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Renowned for its traditional and folk music scene, Scotland has a rich musical legacy that is as vibrant today as it was hundreds of years ago. An International Piping Festival celebrates one of the most well-known traditions, while events such as the Highland Games and The Braemar Gathering also come with their own musical accompaniment. From huge arenas to small music halls, Scotland has provided a dazzling array of top class musicians too, from Annie Lennox and Amy Macdonald to Calvin Harris, The Fratellis and the Bay City Rollers. A UNESCO City of Music, Glasgow is home to some of the nation’s most historic venues, although you’ll find musical heritage in all corners of the country.
Described by NME as ‘quite possibly the finest small venue in the world’, playing a gig at the 300 capacity King Tut's Wah Wah Hut has become a seminal point in the career of an impressive array of artists, including Oasis, who were signed there by music executive Alan McGee in 1993. Other major music stars to have played at the venue include The Verve, My Chemical Romance and the Manic Street Preachers, plus hundreds more in between. In more recent times, the intimate space has welcomed Paulo Nutini, Lewis Capaldi and The 1975, providing a platform for emerging artists from Scotland and beyond.
Packed with nostalgia and musical heritage, The Barrowland Ballroom is a key note in Scotland’s musical scene. Reinvented as a music venue in the 1980s, the former dance hall’s sprung floor and exceptional acoustics make it a popular choice among music fans and bands alike. David Bowie, The Clash and The Smiths have all taken to the stage, while Biffy Clyro, Muse, Foo Fighters and Franz Ferdinand are just a few names from a long list of internationally renowned artists to have played there in recent times. Simple Minds recorded the video for their hit Waterfront within the Ballroom’s fabled walls and 2015 saw the return of the Bay City Rollers, some 40 years after the Scottish act first found stardom.
As Scotland’s largest entertainment venue, The SSE Hydro on the site of the former Queen’s Dock in Glasgow regularly plays host to megastars from the music industry. With its distinctive elliptical sloping shape, the arena has also doubled up as a Commonwealth Games venue and the setting for the MTV Europe Music Awards since opening its doors in 2013. Capable of holding more than 14,000 fans, its stage has been graced by Katy Perry, Take That, Iron Maiden, Blink-182, U2, Rod Stewart and Lionel Richie, to name just a few.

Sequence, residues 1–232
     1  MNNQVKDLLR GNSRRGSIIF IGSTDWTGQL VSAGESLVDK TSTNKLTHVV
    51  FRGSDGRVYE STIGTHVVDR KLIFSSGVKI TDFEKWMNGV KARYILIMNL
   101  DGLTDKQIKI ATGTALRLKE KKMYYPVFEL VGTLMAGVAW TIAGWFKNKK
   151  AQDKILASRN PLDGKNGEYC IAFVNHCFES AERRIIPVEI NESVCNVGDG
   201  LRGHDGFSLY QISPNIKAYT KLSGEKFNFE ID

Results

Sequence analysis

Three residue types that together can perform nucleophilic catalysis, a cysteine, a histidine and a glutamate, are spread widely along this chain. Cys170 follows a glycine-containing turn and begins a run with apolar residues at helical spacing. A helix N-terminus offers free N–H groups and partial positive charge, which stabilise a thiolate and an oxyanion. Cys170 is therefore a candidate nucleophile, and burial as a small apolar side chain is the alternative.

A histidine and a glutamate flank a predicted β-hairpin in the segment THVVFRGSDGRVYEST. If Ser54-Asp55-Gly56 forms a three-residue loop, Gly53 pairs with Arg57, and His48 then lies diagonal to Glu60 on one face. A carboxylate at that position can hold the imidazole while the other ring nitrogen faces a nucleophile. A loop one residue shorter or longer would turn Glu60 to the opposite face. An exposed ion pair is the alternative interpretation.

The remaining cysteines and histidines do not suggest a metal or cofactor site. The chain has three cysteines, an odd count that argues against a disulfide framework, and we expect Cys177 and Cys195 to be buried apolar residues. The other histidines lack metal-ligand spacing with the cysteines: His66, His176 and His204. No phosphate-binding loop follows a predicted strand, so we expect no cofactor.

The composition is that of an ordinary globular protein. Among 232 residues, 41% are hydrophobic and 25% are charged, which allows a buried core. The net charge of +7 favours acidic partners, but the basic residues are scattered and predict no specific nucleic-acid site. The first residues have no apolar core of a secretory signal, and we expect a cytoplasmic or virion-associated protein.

Built in 1909 as a corn exchange, and resurrected in the 1990s as an events venue, the 3,000 capacity Edinburgh Corn Exchange has seen legendary acts including The Prodigy, Stereophonics and Justin Timberlake take to its stage. The accompanying Corn Exchange Village also has an array of sports and leisure facilities.
Once a kingpin of Edinburgh’s music scene that welcomed Oasis and Radiohead among many others, La Belle Angele was ravaged by fire in 2002. But it emerged from the ashes 13 years later following an extensive rebuild and now welcomes up-and-coming artists alongside some of the biggest names in music.
Renowned for attracting well-known bands to its stage, Fat Sams lies at the heart of Dundee’s music scene. Jake Bugg, Simply Red and the city’s very own The View are among those to have played in the live music part of the venue, just one section of this renowned nightclub set up.
Found in the heart of Inverness, The Ironworks has welcomed many stars of the music world since opening its doors in 2006. The purpose-built live music venue has seen the likes of Kasabian, Primal Screen, Mumford & Sons, Morrissey and The Charlatans perform on its stage, while also providing a platform for emerging local talent. Glasgow might be considered the pinnacle of Scotland’s music scene, but there’s a plethora of talent all over the country, and you can discover more of its musical high notes with our Scotland-themed playlist.